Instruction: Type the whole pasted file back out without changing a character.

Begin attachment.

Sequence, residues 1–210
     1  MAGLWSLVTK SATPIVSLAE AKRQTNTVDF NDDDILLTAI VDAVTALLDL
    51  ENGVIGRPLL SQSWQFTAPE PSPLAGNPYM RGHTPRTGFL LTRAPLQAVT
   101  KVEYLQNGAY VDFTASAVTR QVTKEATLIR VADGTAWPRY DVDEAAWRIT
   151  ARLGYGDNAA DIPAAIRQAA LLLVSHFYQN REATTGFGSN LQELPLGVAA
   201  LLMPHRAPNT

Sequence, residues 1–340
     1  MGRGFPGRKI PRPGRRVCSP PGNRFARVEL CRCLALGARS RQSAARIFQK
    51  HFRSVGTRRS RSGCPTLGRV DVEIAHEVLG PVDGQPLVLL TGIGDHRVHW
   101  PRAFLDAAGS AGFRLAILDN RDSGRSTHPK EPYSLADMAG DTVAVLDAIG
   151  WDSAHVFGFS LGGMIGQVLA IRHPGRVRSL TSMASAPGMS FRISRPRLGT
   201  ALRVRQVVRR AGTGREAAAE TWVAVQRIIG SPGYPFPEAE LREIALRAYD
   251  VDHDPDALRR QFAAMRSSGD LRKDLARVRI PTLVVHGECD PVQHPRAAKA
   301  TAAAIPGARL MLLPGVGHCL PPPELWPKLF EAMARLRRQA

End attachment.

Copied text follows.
Sequence, residues 1–210
     1  MAGLWSLVTK SATPIVSLAE AKRQTNTVDF NDDDILLTAI VDAVTALLDL
    51  ENGVIGRPLL SQSWQFTAPE PSPLAGNPYM RGHTPRTGFL LTRAPLQAVT
   101  KVEYLQNGAY VDFTASAVTR QVTKEATLIR VADGTAWPRY DVDEAAWRIT
   151  ARLGYGDNAA DIPAAIRQAA LLLVSHFYQN REATTGFGSN LQELPLGVAA
   201  LLMPHRAPNT

Sequence, residues 1–340
     1  MGRGFPGRKI PRPGRRVCSP PGNRFARVEL CRCLALGARS RQSAARIFQK
    51  HFRSVGTRRS RSGCPTLGRV DVEIAHEVLG PVDGQPLVLL TGIGDHRVHW
   101  PRAFLDAAGS AGFRLAILDN RDSGRSTHPK EPYSLADMAG DTVAVLDAIG
   151  WDSAHVFGFS LGGMIGQVLA IRHPGRVRSL TSMASAPGMS FRISRPRLGT
   201  ALRVRQVVRR AGTGREAAAE TWVAVQRIIG SPGYPFPEAE LREIALRAYD
   251  VDHDPDALRR QFAAMRSSGD LRKDLARVRI PTLVVHGECD PVQHPRAAKA
   301  TAAAIPGARL MLLPGVGHCL PPPELWPKLF EAMARLRRQA